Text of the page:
WTI has jumped 11.20% today, still can't break $30.
The Oil Industry Got Together and Agreed Things May Never Get Better
Thousands of industry participants gathered in London for their annual get-together, only to find a world awash in crude and hardly a life jacket in sight.
The thousands of attendees seeking reasons for optimism didn’t find them at the annual International Petroleum Week. Instead they were greeted by a cacophony of voices from some of the largest oil producers, refiners and traders delivering the same message:
There are few reasons for optimism. The world is awash with oil. The market is overwhelmingly bearish.
Producers are bracing for a tough year. Prices will stay low for up to a decade as Chinese economic growth slows and the U.S. shale industry acts as a cap on any rally, according to Ian Taylor, chief executive officer of Vitol Group, the world’s largest independent oil trader. Even refiners, whose profits have held up better than expected, are seeing a worsening outlook.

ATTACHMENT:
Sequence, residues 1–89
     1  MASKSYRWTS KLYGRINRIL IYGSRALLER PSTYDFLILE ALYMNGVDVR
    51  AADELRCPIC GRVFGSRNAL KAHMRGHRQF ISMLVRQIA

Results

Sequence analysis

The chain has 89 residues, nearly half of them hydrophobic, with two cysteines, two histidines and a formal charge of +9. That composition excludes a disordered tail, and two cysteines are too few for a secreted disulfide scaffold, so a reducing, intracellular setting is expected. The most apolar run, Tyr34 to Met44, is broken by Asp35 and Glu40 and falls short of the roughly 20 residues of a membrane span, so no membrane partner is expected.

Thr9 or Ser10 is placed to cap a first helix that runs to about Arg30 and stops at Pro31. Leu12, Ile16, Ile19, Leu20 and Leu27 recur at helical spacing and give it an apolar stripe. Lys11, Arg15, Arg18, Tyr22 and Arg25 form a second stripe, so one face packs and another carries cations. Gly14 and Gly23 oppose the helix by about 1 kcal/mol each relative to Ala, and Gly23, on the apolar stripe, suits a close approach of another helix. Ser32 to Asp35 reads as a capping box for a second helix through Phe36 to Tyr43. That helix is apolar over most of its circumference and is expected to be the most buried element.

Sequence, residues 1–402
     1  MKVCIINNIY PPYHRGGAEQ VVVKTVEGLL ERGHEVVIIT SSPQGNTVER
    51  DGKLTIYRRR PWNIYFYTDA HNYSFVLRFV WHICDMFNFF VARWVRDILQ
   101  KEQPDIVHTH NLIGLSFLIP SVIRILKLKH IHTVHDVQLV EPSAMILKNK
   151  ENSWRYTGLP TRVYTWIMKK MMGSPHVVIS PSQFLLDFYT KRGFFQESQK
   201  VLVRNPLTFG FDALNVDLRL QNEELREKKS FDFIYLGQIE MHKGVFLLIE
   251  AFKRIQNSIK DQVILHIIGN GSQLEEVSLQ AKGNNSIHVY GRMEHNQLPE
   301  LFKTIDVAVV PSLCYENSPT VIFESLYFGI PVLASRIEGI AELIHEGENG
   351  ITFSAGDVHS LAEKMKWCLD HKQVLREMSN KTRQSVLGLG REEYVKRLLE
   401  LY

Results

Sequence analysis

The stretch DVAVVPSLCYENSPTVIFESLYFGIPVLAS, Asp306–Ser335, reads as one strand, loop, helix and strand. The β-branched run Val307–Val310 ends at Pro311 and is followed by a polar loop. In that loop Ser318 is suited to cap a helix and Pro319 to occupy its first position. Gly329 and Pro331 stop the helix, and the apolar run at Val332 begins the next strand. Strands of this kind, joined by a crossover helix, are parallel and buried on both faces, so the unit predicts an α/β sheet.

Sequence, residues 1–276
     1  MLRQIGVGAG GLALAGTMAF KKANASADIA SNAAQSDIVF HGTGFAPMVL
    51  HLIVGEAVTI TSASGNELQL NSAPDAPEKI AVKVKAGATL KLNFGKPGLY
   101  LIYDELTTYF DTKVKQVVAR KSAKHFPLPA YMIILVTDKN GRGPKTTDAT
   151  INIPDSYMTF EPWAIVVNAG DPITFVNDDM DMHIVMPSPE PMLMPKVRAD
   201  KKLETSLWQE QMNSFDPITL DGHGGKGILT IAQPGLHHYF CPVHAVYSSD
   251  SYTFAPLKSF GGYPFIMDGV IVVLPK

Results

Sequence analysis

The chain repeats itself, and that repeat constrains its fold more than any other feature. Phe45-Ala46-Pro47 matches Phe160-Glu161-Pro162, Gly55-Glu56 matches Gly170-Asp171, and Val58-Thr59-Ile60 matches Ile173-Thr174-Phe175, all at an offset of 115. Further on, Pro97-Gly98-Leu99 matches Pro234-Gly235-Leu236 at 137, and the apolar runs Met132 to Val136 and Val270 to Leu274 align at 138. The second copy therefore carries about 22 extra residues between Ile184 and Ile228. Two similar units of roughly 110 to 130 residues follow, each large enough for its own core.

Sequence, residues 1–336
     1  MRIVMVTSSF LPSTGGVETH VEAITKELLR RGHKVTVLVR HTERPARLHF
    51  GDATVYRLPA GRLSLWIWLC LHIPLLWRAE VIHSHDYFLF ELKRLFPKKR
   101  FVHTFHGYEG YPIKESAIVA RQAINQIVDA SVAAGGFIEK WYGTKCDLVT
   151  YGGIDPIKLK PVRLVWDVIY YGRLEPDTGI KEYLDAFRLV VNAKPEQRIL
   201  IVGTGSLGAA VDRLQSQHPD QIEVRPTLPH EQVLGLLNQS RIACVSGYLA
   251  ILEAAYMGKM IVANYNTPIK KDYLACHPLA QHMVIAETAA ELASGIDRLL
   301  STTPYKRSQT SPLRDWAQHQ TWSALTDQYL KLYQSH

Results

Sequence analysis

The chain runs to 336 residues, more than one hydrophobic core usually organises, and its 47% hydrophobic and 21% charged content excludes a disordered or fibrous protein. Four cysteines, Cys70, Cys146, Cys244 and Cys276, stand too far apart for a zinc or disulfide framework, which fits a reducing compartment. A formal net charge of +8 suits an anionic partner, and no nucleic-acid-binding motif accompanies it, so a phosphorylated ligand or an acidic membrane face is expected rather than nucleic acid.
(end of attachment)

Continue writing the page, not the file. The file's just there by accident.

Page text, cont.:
“The oil industry is facing a crisis,” said Patrick Pouyanne, CEO of Total SA, Europe’s biggest refiner. BP Plc boss Bob Dudley described himself as “very bearish” and joked that the surplus is so extreme that people will soon be filling swimming pools with crude.
As the world runs out of places to store oil, “I wouldn’t be surprised if this market goes into the teens,” said Jeff Currie, head of commodities research at Goldman Sachs Group Inc.
Cuts? What Cuts?
Crude prices surged briefly last month on speculation the Organization of Petroleum Exporting Countries would team up with Russia to cut production. The head of the nation’s biggest oil company had other ideas.
“Tell me who is supposed to cut?” said Igor Sechin, CEO of Rosneft. "Will Saudi Arabia cut production? Will Iran cut production? Will Mexico cut production? Will Brazil cut production? Who is going to cut?”...MORE